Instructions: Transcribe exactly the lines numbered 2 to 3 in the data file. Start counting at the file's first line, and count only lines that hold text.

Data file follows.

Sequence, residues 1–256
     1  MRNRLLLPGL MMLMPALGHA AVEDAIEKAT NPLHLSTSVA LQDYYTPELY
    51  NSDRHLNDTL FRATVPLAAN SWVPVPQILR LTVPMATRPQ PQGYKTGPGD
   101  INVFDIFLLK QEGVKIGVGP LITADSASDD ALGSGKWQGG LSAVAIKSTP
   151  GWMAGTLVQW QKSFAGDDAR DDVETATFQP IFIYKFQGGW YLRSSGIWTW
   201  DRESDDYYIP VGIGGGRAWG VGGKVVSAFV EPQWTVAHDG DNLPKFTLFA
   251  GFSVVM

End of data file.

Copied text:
     1  MRNRLLLPGL MMLMPALGHA AVEDAIEKAT NPLHLSTSVA LQDYYTPELY
    51  NSDRHLNDTL FRATVPLAAN SWVPVPQILR LTVPMATRPQ PQGYKTGPGD